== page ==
A RCSI School of Population Health study has found that future developments to Irish stroke services, must prioritise specialist community-based rehabilitation, ongoing support for life after stroke and better information and support for navigating services.
The study, published in PLOS ONE, featured the opinions of those directly affected by stroke; including survivors, their family carers and healthcare professionals.
As well as the three main priorities identified, the need for improved staffing was emphasised, along with access to specialist acute care and support for mental health. Stroke survivors and carers also thought that there needed to be more attention paid to improving the speed of access to services for people with more unusual or atypical stroke symptoms.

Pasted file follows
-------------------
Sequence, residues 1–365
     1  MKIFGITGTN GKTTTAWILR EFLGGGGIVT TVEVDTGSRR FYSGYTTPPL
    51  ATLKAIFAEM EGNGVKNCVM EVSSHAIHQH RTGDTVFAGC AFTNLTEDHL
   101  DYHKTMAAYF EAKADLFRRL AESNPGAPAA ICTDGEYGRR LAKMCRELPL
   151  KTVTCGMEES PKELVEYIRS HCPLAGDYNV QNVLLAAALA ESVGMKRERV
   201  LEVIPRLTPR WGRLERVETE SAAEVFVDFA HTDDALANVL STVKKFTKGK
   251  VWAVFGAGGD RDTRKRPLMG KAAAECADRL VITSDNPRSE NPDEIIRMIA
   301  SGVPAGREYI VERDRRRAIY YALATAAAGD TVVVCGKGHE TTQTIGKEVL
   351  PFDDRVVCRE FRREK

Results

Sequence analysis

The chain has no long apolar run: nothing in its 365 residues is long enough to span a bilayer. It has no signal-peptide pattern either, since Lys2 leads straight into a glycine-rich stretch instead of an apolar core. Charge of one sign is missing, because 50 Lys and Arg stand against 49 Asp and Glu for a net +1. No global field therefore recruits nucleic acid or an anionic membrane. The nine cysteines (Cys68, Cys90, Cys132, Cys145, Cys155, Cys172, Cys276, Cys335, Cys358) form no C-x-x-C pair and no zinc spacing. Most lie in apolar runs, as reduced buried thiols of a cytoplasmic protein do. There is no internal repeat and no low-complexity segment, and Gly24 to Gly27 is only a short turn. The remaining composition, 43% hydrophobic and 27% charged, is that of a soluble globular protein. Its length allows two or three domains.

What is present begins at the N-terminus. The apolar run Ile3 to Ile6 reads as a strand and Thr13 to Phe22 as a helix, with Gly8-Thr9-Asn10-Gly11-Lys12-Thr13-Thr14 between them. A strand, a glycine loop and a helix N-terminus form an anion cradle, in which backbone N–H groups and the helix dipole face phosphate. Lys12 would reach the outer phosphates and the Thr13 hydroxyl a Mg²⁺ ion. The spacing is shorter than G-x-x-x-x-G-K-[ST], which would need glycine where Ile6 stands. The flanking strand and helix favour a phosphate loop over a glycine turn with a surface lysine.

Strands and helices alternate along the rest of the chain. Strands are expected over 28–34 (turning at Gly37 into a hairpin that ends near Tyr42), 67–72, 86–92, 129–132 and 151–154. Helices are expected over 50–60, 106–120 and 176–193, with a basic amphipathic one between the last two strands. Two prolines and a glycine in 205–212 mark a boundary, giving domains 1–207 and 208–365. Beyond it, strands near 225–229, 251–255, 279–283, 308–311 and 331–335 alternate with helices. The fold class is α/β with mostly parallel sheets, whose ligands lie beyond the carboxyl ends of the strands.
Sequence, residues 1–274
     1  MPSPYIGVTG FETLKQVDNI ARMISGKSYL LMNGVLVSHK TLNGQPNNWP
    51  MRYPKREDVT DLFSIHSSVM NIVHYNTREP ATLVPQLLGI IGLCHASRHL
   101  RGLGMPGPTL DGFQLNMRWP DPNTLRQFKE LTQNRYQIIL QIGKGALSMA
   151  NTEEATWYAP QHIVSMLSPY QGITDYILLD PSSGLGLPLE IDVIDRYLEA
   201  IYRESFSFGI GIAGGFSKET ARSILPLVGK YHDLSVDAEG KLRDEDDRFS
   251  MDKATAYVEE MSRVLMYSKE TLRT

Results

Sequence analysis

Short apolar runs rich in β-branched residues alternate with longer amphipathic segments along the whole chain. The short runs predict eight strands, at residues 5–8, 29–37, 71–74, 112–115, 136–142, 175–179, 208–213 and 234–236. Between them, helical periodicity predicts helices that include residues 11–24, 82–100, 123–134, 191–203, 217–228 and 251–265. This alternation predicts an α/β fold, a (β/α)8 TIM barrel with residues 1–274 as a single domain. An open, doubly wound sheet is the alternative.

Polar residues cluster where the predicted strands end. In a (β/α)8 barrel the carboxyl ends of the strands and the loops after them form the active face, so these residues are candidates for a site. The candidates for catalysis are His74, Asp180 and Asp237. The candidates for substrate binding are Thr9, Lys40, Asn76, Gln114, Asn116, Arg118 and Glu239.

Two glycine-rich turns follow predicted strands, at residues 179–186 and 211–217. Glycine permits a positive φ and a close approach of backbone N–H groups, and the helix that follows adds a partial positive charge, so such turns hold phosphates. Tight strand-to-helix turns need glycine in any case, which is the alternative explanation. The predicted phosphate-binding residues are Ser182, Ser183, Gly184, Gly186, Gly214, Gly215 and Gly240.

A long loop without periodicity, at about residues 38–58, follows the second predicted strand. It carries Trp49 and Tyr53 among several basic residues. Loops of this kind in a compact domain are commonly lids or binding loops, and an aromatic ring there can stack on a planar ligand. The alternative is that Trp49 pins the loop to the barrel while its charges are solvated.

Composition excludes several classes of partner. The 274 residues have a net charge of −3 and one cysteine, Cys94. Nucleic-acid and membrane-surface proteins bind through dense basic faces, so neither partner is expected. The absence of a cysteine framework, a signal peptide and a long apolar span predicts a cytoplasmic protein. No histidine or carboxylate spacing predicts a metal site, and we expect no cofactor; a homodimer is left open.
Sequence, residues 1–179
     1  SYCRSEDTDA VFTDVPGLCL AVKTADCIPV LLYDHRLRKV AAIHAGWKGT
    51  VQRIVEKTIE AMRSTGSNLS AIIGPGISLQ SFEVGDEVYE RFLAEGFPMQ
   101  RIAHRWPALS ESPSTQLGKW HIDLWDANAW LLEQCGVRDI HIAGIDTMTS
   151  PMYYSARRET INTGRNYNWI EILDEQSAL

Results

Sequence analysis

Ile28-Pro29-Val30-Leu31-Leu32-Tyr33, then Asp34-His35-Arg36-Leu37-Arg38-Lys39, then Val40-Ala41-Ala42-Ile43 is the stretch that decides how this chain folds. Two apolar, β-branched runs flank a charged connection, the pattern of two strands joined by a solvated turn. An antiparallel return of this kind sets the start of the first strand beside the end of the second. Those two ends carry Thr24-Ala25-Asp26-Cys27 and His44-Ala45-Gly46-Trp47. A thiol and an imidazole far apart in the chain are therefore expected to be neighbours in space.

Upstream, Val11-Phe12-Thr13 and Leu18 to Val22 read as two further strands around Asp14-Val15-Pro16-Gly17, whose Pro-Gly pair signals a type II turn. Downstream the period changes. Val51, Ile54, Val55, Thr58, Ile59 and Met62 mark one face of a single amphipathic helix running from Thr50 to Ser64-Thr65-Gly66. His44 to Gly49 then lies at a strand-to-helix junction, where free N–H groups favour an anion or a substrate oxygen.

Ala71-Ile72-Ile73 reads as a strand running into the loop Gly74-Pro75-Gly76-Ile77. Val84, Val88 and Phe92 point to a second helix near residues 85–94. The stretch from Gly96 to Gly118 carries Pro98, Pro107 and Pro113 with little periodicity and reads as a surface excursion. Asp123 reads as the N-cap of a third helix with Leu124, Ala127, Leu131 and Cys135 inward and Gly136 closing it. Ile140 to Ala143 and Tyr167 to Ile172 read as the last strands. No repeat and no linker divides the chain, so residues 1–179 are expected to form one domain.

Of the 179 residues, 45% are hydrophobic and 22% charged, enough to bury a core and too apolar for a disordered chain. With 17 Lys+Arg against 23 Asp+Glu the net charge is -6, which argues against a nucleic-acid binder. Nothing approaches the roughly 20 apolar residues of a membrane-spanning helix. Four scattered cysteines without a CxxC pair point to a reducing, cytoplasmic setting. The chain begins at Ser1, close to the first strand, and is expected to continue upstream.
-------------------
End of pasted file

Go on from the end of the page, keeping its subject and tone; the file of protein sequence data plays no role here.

“These findings point to a need for stroke services that are more consistent nationally and better resourced based on an understanding of the diverse needs of stroke survivors and their families,” said Dr Eithne Sexton, Lecturer, RCSI School of Population Health and research lead. “This type of population-based service planning a key part of the Sláintecare strategy.
“We hope this study can contribute to the broader discussion on stroke care, informing policy and practice not only in Ireland but other countries with similar healthcare challenges.”
The study was carried out in collaboration with The Irish Heart Foundation and researchers from UCC and Beaumont Hospital. It was funded by the Health Research Board.